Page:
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In nonreciprocal systems, where Newton’s third law falls apart, “exceptional points” are helping researchers understand phase transitions and possibly other phenomena.

Built upon the ubiquitous Fourier transform, the mathematical tools known as wavelets allow unprecedented analysis and understanding of continuous signals.

After decades of effort, mathematicians now have a complete understanding of the complicated equations that model the motion of free boundaries, like the one between ice and water.

A group of mathematicians has shown that at critical moments, a symmetry called rotational invariance is a universal property across many physical systems.

Even in an incomplete state, quantum field theory is the most successful physical theory ever discovered. Nathan Seiberg, one of its leading architects, talks about the gaps in QFT and how mathematicians could fill them.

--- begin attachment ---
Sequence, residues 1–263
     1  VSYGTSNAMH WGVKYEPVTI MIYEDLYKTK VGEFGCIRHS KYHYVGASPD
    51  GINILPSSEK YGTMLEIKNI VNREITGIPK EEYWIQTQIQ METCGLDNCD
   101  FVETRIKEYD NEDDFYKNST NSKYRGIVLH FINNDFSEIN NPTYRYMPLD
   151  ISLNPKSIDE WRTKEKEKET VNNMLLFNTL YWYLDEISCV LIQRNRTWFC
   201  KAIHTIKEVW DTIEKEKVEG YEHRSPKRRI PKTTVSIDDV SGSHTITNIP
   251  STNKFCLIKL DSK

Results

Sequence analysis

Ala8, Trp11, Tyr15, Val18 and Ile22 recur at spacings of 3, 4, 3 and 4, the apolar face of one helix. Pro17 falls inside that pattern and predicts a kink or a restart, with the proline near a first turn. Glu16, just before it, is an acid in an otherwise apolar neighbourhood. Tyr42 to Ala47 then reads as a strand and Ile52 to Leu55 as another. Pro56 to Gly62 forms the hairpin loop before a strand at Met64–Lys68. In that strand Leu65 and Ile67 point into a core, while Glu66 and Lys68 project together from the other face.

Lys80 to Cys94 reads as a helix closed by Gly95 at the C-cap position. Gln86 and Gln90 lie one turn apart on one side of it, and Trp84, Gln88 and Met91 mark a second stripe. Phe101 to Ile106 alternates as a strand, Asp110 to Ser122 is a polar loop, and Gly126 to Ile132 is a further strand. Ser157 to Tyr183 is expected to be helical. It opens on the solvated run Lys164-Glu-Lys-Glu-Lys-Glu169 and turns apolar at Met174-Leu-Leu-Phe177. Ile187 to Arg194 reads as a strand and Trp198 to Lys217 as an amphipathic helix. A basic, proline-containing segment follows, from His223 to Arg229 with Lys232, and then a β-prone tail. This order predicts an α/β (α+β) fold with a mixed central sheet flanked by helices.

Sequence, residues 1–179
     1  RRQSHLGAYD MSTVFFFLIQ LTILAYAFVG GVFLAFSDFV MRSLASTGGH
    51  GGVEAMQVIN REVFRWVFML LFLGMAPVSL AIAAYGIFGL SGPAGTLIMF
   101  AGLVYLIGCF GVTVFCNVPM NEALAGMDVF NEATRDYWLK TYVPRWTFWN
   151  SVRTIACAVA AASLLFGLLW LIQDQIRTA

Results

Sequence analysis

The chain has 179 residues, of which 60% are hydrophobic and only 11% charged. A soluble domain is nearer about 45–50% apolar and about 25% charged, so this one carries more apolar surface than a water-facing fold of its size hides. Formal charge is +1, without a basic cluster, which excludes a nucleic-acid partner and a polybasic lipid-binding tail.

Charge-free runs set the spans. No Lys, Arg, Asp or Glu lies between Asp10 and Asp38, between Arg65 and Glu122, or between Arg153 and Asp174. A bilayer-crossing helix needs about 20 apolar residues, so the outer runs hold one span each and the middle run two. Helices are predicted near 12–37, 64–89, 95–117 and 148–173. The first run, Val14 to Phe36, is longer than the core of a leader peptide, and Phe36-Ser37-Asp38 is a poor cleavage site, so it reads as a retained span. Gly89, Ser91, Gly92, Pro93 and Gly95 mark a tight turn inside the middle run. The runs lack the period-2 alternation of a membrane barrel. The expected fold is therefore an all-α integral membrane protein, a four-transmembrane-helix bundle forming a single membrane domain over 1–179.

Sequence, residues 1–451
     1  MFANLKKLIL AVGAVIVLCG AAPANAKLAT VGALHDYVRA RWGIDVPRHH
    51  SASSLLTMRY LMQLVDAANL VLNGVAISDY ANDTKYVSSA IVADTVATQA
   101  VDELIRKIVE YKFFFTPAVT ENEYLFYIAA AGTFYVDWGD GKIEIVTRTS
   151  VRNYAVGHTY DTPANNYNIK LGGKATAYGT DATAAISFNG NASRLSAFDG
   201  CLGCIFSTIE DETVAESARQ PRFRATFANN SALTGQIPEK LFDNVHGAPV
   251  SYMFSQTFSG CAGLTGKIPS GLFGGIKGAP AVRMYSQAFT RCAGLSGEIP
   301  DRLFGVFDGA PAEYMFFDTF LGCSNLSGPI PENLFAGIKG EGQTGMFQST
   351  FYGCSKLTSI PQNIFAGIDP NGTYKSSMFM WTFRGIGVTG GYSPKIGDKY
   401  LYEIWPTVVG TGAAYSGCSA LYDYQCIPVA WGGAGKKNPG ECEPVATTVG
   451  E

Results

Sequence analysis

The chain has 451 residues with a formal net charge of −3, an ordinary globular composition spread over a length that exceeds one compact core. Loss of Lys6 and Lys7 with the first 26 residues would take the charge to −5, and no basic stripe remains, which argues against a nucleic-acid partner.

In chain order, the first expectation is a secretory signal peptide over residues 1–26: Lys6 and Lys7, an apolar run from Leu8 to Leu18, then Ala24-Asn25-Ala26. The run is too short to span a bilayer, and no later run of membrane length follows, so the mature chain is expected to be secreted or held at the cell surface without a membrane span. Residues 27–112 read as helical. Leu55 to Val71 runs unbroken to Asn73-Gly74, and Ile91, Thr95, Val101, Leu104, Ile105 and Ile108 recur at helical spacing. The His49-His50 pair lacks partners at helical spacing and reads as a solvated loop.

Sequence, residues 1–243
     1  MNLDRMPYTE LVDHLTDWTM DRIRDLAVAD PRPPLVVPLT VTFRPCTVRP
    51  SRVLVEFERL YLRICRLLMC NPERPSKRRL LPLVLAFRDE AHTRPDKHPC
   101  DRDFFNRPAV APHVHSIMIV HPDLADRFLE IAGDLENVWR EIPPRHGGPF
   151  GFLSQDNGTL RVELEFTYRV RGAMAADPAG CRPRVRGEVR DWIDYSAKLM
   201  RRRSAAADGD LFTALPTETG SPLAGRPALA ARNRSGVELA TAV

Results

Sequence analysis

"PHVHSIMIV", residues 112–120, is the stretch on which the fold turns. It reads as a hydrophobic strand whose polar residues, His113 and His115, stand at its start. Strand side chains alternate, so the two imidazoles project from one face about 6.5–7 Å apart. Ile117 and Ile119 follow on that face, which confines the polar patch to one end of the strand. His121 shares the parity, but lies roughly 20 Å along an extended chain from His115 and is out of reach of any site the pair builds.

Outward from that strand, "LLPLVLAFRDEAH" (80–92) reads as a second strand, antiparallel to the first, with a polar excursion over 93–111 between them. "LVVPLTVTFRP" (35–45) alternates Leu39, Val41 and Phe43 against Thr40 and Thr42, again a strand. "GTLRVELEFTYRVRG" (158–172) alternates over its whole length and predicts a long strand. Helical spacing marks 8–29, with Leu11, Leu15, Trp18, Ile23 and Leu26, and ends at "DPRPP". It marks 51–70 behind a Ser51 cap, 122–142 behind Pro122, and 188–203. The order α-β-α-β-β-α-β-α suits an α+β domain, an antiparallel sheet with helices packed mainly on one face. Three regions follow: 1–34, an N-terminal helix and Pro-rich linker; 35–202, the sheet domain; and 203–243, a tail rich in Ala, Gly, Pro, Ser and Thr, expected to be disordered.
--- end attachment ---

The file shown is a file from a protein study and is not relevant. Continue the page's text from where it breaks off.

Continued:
In three towering papers, a team of mathematicians has worked out the details of Liouville quantum field theory, a two-dimensional model of quantum gravity.

The accelerating effort to understand the mathematics of quantum field theory will have profound consequences for both math and physics.

A new proof establishes the boundary at which a shape becomes so corrugated, it can be crushed.

A mathematical shortcut for analyzing black hole collisions works even in cases where it shouldn’t. As astronomers use it to search for new classes of hidden black holes, others wonder: Why?

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